Re:First... (1)

Anonymous Coward | about 9 months ago | (#45530697)

As do hit-men.

SSL? (2)

ArcadeMan (2766669) | about 9 months ago | (#45530519)

How can that company not be a patent troll?

Re:SSL? (4, Insightful)

fuzzyfuzzyfungus (1223518) | about 9 months ago | (#45530721)

What is somewhat surprising is that Newegg had, as expert witness, Whitfield Diffie, as in 'Diffie-Hellman' Diffie. I didn't even know that it was possible to lose an assymetric-key encryption related case with him on your side, especially against nobody in particular.

Re:SSL? (2)

spottedkangaroo (451692) | about 9 months ago | (#45530847)

It's a quibble, but I'm pretty sure it's symmetric. You use DH to establish a shared secret (the same on both sides). The only assymetric part of ssl is the certificates that are used to prevent man in the middle... I'd hardly call X509 ssl, just a necessary evil (or is it, convergence.io seems dead).

Jews Sue (-1)

Anonymous Coward | about 9 months ago | (#45530531)

the guys name should of tipped you off, parasitic behaviour is what they do, why do you think every society in the last 2000 years have expelled and hated them ?

troublemakers, nothing good will come of them

Re:Jews Sue (0)

cdl (902729) | about 9 months ago | (#45530751)

Can someone with moderator points PLEASE downmod "Jews Sue" one as flamebait? A hint for the "Jews Sue" author - if you want to slag someone, at least man up when you do it, and put your name on it. If not, you're just a lame, scared little boy/girl. I have no problems with people speaking their mind (if they have one), but I can't abide a coward slagging someone and not being willing to own up to the slag.

Re:Jews Sue (-1)

Anonymous Coward | about 9 months ago | (#45530907)

So your problem is that this is an inflammatory remark, not that it's true.

Time to give Texas back to Mexico (1)

WillAffleckUW (858324) | about 9 months ago | (#45530539)

Bonus: I get three passports then.

Marshall TX (1)

Arancaytar (966377) | about 9 months ago | (#45530559)

aka Patent Troll Capital.

Surely Newegg is going to appeal this idiocy?

One more reason to move away from RC4 (1)

Anonymous Coward | about 9 months ago | (#45530583)

That's one more reason to stop using RC4, which isn't secure anymore when used with SSL/TLS, such that Microsoft is moving it out of IE11 [technet.com] .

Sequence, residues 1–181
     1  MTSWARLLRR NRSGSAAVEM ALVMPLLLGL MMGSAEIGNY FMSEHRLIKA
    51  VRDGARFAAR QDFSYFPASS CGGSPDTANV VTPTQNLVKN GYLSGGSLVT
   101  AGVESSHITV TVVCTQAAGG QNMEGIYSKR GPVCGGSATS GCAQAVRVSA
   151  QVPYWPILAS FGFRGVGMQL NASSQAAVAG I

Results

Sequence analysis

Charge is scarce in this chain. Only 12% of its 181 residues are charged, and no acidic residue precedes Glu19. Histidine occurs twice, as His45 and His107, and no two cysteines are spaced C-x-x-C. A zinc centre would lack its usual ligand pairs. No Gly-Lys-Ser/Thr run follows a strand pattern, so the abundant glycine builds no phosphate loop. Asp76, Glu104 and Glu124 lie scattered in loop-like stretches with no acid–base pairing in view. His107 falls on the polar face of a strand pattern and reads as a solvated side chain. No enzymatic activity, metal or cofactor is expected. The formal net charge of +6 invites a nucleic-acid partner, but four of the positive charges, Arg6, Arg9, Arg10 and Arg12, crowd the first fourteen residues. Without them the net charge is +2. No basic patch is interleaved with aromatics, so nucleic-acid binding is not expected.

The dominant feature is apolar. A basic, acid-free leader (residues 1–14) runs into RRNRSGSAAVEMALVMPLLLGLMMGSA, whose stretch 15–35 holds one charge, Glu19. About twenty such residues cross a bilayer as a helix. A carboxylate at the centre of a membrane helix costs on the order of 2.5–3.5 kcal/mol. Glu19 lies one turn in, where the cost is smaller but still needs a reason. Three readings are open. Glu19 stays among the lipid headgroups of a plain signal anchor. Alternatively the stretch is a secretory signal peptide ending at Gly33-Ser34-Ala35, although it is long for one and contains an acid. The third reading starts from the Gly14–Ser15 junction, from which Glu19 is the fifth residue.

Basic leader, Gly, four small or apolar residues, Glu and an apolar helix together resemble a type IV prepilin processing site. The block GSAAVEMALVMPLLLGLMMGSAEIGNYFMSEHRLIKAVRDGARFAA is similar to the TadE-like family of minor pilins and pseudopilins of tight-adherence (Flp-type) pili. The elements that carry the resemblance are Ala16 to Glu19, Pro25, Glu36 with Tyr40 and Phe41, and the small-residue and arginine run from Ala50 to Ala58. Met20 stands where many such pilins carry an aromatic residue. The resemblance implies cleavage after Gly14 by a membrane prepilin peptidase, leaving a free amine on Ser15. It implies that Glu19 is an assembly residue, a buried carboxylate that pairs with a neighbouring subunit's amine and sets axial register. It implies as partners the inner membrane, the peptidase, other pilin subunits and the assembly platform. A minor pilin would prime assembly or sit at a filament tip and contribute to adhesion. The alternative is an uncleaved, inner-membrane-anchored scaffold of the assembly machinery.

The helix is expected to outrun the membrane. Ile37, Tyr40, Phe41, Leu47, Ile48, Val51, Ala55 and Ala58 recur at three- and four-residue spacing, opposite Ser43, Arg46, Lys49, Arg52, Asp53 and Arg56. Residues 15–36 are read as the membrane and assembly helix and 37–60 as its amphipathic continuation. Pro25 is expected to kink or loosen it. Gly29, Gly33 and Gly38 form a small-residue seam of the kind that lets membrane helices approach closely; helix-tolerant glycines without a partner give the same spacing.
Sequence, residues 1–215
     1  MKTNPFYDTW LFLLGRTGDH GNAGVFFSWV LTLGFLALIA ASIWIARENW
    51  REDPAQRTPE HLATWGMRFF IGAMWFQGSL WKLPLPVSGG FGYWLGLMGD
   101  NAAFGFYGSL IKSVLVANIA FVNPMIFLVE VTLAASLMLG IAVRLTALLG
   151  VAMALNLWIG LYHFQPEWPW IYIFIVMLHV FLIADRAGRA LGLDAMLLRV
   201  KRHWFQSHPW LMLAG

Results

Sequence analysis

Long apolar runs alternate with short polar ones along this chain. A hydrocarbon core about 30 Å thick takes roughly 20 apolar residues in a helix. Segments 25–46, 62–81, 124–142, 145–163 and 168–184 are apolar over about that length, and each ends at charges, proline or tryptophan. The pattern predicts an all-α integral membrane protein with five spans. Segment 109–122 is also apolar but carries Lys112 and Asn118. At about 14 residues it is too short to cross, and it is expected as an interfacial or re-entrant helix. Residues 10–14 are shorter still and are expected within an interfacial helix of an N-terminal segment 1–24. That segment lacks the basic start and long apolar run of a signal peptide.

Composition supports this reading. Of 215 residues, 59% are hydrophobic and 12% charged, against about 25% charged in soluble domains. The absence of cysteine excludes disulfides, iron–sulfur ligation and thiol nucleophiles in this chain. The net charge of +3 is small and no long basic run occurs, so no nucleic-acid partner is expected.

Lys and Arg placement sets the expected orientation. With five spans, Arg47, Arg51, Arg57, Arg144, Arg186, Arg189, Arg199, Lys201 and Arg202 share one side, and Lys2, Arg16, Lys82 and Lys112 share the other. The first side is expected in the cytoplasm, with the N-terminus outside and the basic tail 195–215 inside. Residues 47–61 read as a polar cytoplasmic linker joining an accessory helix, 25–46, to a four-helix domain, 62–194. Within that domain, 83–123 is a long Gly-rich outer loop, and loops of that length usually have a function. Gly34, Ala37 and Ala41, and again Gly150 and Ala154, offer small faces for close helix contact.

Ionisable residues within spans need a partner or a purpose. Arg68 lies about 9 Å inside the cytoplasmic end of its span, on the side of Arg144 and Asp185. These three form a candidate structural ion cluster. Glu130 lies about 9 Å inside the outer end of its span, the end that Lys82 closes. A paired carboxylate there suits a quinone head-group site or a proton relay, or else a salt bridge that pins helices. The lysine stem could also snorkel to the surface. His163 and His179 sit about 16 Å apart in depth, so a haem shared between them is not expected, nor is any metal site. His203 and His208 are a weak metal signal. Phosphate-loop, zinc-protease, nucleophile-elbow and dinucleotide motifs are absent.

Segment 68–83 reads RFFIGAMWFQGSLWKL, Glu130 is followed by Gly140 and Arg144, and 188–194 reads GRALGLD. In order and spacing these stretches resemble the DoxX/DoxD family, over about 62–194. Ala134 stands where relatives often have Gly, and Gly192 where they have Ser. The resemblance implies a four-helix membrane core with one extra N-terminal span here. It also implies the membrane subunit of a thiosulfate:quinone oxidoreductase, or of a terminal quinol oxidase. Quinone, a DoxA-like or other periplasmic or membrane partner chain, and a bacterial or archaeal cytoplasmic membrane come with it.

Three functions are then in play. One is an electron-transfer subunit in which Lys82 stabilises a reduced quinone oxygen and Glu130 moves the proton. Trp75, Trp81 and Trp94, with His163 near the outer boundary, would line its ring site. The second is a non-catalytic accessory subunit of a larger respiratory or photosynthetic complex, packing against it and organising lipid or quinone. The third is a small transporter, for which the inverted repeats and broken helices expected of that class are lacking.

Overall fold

theres a joke in here somewhere... (0)

Anonymous Coward | about 9 months ago | (#45530593)

"a company owned by patent enforcement expert Erich Spangenberg"

Patent enforcement expert? (0)

Anonymous Coward | about 9 months ago | (#45530605)

That's putting it charitably, to say the least.

What's that I smell? (1)

erroneus (253617) | about 9 months ago | (#45530607)

Is it an appeal? Oh yes it is. These ass-clowns who think they have patents on the internet haven't yet faced the wrath of slashdot's anti-patent group of extremely knowledgeable and resourceful people.

I suspect a few people here with a little time on their hands will be able to prior-art their way to having the patent completely invalidated.

Re:What's that I smell? (2)

InsightfulPlusTwo (3416699) | about 9 months ago | (#45530703)

Yes, thank goodness all of us random Internet guys will be able to immediately do what Whitfield Diffie, the inventor of cryptography, failed to do. What would the Internet do without Slashdot?

Re:What's that I smell? (1)

erroneus (253617) | about 9 months ago | (#45530889)

You would be surprised. Appalled even.

Re:What's that I smell? (1)

InsightfulPlusTwo (3416699) | about 9 months ago | (#45530921)

Perhaps. But in any case, a simple change of venue out of Texas when they make their appeal may be all they need to win this one. Best of luck to New Egg!

Stealing math from the public (1)

Adrian Lopez (2615) | about 9 months ago | (#45530611)

Something's rotten in the state of Texas.

Diffie was awesome (5, Informative)

Gothmolly (148874) | about 9 months ago | (#45530615)

"And how is it that you're familiar with public key encryption?"

"I invented it."

Re:Diffie was awesome (1)

sl4shd0rk (755837) | about 9 months ago | (#45530709)

"I invented it."

Not enough for the jurors, apparently.

Re:Diffie was awesome (5, Interesting)

Anonymous Coward | about 9 months ago | (#45530979)

Let's stop this jury are morons myth. The judges gives the jury a list of very specific questions to answer in these cases, taking 2-5 hours. It's not like 12 Angry Men, where people debate what they're heard and sway opinions.

The judge controls the entire jury thought process and has clearly spent a long time crafting the question list beforehand. Being an expert at law, they have already determined the result and knew precisely how to ensure their verdict is the one reached, but they still need to go through the proletarians to reinforce his chosen result.